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New Member

ACLs and ping and Telnet

Is there a way to deny host A from pinging host B while allowing host B to ping host A using standard ACLs?

And also, is there also a way to deny host A from telneting to host B while allowing host B to telnet into host A using extended ACLs?

4 REPLIES
New Member

Re: ACLs and ping and Telnet

On host A: (assume host A IP is 10.1.1.1 & host B IP is 20.1.1.1)

access-list 101 deny tcp host 10.1.1.1 host 20.1.1.1 eq icmp

access-list 101 permit ip host 10.1.1.1 host 20.1.1.1

If this is applied to Router A then ICMP access from Host A will be denied, but all other traffic will be permitted.

Remember that both hosts must be seperated by the router, if they are both on the same subnet then the router won't come into play

Hope this has helped

Daniel,

New Member

Re: ACLs and ping and Telnet

You can't deny just ping traffic with a standard access list, it is all or nothing.

Also, the extended ACL to allow the one-way telneting would be:

access-l 100 deny tcp host A host B eq telnet

access-l 100 permit ip any any

assuming you have a configuration something like hostA - rtr - hostB then access-l 100 should be put on the inbound interface closest to hostA.

This would stop the telnet traffic from A to B because the the source address is A, destination address B and destination port is telnet (23). It would have no effect on telnet from B to A because the access-l is inbound and there would not be a match on source & destination addresses anyway.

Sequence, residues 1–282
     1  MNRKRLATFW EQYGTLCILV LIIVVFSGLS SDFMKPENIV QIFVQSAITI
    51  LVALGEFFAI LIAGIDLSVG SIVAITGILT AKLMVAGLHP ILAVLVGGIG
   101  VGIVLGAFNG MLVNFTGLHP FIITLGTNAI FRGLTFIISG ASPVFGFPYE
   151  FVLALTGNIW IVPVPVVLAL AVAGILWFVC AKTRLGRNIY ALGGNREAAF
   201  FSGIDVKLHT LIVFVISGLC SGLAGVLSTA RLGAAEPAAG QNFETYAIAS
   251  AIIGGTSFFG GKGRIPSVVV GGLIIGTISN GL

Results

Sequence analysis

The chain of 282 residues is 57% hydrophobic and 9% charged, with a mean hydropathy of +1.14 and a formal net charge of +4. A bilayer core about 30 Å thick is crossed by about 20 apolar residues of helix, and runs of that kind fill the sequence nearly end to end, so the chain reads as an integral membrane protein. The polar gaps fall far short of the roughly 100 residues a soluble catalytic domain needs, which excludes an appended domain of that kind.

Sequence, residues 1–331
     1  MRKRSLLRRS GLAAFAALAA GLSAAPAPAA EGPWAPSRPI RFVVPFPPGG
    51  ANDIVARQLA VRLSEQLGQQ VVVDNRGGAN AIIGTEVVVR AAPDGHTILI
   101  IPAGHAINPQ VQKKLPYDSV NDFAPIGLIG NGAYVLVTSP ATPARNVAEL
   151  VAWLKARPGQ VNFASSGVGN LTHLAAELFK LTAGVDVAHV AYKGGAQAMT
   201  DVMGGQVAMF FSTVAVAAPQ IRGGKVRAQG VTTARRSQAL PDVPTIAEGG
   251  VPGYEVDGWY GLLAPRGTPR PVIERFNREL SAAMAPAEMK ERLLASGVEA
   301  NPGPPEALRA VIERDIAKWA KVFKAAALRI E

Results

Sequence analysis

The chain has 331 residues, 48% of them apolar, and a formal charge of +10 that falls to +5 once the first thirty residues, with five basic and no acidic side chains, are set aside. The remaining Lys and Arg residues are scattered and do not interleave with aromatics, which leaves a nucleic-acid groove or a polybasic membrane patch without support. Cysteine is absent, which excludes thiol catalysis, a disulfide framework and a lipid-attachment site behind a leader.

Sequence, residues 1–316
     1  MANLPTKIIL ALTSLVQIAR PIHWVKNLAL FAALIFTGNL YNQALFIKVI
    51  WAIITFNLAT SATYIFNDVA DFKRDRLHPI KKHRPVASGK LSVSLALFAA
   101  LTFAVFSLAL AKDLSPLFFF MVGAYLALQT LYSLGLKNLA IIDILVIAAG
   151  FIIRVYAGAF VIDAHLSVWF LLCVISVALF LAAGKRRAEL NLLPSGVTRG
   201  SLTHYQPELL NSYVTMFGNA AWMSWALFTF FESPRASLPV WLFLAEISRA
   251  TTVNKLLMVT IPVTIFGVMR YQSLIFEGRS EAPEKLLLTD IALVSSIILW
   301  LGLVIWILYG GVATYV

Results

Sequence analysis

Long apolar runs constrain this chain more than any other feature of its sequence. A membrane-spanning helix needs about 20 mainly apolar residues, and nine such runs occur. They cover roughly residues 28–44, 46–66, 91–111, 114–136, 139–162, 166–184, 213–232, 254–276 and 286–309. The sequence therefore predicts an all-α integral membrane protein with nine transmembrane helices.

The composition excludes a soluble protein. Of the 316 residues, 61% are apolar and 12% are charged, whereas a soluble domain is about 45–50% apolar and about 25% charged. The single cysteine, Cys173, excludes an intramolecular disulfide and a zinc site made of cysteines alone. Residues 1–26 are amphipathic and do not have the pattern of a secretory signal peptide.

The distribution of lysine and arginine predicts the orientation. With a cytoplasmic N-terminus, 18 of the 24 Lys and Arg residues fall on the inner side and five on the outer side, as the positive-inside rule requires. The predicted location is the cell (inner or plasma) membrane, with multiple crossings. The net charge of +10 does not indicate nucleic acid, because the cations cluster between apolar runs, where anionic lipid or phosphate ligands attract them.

Cisco Employee

Re: ACLs and ping and Telnet

The previous 2 answers are completely wrong.

First, icmp does not use TCP. So, the access-list 'acc 101 deny tcp .. eq icmp' is a BIG mistake.

Then, yes you can achieve what you want. Just filter icmp echo packet but not echo reply.

ie:

acc 101 deny icmp host A host B echo

acc 101 permit ip any any

For telnet, you would do :

acc 101 deny tcp host A host B eq telnet

acc 101 permit ip any any

New Member

Re: ACLs and ping and Telnet

gdufour

Perhaps you could, for the benefit of the rest of the universe, point out the 'wrong' part of my answer.

I did not suggest a solution for ping because the question was about preventing pings with a standard ACL, not the extended ACL that you propose.

The solution for preventing telnet is the same as you have suggested.

Obviously ICMP does not use tcp, I did not suggest otherwise.

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